"It is a shame that we have to spend the commission's time on an issue that should have been resolved at the City Manager's level: the hiring of one Creole speaking social worker," said Attorney Conze who resides and has his law firm office in Miramar.

"Miramar has the unique distinction of being one of the most diverse communities in the nation," said another resident. "Therefore, I want to urge you to do the right thing, Mrs. Richardson: hire a Haitian Creole speaker at the department. You will show that Miramar is really a city of inclusion, where every group of citizens is treated fairly and equally."

The resolution found a particularly supportive member at the dais, Commissioner Yvette Colbourne, who also spoke out on behalf of the Haitian community.

When the city clerk called for the vote, the City Commission unanimously voted yes on the motion to have a position of social services with a Creole speaker at the City's Social Services Department.

The call sparked a joyful celebration by members of the Haitian community who could not control their emotions. At some point, Mayor Wayne M. Messam had to remind attendees that it is imperative to remain silent during the meeting.

Before moving to the next item, Commissioner Riggs asked the mayor to allow her 2-minutes to make her final case on the item. She showed a little regret to the fact that the City Manager never gave her request any consideration despite multiple attempts. The Haitian-American commissioner said that there was no need for Mrs. Richardson to let this issue escalate to the level where her brothers and sisters had to come and make their case in front of the City Commission. She reminded the council that Haitians in Miramar are paying taxes as every other group of people residing in the city. Riggs vowed that she is going to look at the other departments to make sure Haitian residents who do not speak English fluently can find someone who speaks their native language to help them in case there is a need when it comes to dealing with the city in terms of services.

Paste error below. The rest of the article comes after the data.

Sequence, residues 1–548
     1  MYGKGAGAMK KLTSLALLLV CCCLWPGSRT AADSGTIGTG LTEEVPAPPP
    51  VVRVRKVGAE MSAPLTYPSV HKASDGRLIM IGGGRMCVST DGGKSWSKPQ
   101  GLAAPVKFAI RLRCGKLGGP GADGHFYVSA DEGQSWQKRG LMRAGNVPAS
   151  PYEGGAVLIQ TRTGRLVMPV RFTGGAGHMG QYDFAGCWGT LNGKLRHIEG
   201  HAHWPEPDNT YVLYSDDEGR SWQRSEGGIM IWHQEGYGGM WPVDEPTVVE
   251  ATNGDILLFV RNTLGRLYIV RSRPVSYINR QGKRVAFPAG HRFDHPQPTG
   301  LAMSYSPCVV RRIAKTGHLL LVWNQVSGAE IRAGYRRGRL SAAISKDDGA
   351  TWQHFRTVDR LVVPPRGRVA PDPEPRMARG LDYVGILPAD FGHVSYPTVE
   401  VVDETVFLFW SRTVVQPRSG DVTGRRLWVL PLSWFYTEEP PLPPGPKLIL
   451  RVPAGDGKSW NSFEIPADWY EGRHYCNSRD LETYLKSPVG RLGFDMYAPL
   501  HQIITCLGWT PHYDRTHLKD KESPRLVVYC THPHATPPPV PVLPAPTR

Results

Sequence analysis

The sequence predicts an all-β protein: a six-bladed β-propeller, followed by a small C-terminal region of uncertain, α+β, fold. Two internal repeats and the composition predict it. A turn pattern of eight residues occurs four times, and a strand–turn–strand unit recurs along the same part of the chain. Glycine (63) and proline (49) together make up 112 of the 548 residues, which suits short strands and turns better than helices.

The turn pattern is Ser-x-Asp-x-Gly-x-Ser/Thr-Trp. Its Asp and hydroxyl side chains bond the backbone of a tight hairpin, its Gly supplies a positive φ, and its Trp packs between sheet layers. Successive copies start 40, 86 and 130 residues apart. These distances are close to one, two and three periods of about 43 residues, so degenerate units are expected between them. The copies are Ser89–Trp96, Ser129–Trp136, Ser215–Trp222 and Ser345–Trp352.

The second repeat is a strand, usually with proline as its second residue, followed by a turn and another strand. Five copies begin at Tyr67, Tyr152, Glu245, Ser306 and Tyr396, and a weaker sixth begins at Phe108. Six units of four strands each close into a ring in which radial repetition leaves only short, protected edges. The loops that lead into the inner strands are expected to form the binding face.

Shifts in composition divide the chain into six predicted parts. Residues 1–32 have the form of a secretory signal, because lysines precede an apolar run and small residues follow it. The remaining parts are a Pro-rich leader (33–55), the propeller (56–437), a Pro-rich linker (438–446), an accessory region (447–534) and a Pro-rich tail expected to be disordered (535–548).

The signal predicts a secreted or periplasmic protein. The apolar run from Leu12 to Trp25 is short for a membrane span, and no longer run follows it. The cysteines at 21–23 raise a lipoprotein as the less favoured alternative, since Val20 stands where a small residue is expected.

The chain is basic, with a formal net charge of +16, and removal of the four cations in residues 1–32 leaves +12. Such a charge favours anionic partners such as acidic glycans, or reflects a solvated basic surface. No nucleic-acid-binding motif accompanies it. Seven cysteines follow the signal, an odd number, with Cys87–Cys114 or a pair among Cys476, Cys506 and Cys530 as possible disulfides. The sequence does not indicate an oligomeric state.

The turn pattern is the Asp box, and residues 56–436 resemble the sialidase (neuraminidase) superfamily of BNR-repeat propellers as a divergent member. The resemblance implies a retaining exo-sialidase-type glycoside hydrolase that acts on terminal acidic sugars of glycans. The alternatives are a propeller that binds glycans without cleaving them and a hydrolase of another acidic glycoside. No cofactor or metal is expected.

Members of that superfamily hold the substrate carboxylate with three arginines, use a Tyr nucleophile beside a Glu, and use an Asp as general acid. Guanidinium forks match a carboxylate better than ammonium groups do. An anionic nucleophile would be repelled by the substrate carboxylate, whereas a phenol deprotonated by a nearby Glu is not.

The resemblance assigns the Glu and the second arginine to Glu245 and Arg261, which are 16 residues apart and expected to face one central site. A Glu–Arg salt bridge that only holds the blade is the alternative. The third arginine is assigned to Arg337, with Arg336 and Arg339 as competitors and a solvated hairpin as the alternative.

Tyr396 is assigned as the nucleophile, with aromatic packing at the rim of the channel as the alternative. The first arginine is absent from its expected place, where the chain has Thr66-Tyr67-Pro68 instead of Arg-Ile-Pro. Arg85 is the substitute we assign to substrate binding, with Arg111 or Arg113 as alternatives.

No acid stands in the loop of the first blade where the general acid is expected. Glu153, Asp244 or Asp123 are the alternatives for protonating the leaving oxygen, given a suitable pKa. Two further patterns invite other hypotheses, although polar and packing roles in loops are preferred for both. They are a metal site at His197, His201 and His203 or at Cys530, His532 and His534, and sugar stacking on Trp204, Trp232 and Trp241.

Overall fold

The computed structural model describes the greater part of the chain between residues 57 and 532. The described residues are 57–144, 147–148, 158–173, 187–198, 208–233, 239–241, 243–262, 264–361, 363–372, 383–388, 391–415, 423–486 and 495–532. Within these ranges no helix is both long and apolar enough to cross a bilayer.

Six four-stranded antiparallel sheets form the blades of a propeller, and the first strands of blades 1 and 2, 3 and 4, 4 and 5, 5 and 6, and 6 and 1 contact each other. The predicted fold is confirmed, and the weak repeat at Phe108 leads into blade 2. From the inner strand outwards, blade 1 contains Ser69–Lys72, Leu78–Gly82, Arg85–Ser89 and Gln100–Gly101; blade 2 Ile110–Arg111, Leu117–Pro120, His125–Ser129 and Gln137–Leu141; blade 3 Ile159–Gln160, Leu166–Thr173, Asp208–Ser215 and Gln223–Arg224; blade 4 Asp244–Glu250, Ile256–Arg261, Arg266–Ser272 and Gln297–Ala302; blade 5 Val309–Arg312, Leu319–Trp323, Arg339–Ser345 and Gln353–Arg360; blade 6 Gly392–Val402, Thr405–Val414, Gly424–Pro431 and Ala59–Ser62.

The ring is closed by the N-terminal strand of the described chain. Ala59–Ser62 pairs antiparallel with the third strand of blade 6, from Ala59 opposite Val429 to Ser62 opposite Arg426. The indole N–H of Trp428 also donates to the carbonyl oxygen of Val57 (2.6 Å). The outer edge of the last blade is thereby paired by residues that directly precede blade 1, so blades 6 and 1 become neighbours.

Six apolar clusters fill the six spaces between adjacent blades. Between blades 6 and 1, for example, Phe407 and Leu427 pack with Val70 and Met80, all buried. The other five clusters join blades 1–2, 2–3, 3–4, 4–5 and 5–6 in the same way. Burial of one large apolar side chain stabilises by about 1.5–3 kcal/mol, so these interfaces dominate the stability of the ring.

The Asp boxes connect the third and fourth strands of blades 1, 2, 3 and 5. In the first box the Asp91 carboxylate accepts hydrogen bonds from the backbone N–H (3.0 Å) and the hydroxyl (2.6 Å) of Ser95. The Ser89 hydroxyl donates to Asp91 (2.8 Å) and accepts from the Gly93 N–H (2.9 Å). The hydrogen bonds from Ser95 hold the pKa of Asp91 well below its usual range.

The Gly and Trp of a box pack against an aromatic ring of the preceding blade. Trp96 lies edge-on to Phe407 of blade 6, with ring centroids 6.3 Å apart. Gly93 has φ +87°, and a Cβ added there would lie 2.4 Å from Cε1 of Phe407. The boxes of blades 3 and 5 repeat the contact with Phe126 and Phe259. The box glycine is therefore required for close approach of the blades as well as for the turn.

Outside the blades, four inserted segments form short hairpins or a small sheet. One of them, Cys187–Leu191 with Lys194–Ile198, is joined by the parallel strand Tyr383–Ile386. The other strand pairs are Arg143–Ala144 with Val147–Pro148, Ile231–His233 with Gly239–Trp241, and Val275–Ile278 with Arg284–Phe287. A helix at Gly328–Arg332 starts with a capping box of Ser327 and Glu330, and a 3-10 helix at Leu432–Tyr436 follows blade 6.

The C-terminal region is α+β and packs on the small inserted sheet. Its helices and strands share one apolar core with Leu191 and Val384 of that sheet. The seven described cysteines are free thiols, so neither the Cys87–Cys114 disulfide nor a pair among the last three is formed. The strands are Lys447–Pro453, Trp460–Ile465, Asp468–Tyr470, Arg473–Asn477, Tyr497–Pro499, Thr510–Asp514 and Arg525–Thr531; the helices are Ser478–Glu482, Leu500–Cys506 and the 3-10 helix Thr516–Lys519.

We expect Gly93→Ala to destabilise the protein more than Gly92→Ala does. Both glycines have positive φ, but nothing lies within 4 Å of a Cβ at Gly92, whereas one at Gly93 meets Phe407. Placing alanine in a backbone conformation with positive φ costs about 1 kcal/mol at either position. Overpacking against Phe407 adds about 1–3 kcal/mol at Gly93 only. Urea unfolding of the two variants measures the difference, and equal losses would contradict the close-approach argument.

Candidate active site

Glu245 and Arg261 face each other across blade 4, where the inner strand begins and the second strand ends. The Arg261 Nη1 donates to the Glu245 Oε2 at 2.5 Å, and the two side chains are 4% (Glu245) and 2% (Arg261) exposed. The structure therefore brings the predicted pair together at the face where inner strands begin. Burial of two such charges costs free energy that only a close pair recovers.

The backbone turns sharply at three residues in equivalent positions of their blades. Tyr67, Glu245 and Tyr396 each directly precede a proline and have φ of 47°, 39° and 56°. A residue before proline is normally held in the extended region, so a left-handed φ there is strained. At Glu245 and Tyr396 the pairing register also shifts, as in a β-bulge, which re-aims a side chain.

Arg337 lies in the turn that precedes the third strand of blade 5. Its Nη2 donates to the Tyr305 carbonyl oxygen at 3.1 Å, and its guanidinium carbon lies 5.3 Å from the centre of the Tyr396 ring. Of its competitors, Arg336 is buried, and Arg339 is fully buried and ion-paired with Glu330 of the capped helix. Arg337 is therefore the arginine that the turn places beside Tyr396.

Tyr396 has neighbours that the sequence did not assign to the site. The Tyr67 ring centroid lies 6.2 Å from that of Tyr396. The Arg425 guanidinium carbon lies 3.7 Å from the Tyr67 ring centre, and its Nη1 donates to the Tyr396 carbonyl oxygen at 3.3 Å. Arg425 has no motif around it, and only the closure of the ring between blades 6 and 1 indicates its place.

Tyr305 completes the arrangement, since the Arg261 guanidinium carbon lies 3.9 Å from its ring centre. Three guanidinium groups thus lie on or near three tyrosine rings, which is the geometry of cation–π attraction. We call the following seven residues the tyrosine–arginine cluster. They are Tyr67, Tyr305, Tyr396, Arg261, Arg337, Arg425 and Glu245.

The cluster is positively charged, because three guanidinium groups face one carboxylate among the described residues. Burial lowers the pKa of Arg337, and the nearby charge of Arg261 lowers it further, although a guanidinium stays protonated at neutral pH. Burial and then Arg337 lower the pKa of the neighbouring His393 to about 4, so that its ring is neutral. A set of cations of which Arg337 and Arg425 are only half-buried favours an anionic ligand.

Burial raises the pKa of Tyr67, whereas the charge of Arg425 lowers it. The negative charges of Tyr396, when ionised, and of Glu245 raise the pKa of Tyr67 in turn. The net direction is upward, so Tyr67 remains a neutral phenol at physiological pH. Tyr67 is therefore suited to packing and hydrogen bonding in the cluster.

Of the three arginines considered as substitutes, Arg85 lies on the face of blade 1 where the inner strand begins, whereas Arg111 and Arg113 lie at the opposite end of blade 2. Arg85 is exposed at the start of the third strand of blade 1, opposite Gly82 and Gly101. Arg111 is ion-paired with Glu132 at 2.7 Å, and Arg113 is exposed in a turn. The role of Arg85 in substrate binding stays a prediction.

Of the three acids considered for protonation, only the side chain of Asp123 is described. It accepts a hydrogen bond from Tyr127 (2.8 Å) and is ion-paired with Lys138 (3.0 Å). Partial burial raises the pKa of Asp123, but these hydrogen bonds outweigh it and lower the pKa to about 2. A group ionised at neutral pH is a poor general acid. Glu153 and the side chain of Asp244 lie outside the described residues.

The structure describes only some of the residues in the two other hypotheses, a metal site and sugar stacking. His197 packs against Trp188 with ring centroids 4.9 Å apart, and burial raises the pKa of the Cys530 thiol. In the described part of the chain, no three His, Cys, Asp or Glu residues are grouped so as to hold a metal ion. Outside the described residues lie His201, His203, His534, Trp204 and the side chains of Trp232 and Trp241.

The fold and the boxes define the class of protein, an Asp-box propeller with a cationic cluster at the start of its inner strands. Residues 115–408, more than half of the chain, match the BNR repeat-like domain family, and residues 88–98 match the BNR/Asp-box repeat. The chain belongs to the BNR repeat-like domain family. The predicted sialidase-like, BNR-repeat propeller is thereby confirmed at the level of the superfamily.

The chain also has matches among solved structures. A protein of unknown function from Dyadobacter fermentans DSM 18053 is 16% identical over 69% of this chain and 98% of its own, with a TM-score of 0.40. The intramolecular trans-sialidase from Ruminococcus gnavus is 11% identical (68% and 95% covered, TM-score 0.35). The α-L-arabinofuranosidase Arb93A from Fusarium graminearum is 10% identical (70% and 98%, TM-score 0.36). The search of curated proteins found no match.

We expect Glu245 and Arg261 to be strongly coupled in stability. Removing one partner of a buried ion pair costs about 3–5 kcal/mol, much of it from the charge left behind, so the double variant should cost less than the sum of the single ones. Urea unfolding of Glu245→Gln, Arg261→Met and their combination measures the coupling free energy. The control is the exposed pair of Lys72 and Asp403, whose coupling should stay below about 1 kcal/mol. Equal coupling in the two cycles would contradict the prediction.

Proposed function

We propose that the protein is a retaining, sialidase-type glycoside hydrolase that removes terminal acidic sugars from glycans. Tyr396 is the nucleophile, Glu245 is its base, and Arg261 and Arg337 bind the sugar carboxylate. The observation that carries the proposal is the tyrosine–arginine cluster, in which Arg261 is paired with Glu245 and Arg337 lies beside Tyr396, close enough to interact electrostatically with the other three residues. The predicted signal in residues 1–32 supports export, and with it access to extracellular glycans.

The celebration continued for more than an hour in the lobby next to the City Commission room where members of South Florida's Haitian Community hugged each other and waved Haitian flags to mark the historic victory.

Sentiments of inclusion in a nation of immigrants is fine, but when there is no effort to provide support to those same immigrants, especially when they comprise such a significant portion of a region's population not only does a disservice to those residents but the entire community. Too often communities today overlook small issues, but a thorn in a shoe will cause even the toughest person to stumble. This new ordinance is great news and another hard fought victory for the Haitian-American community of this great country.

DF/Le Floridien







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LE FLORIDIEN e-version
Vol.17 No.389 | June 16 - 30, 2017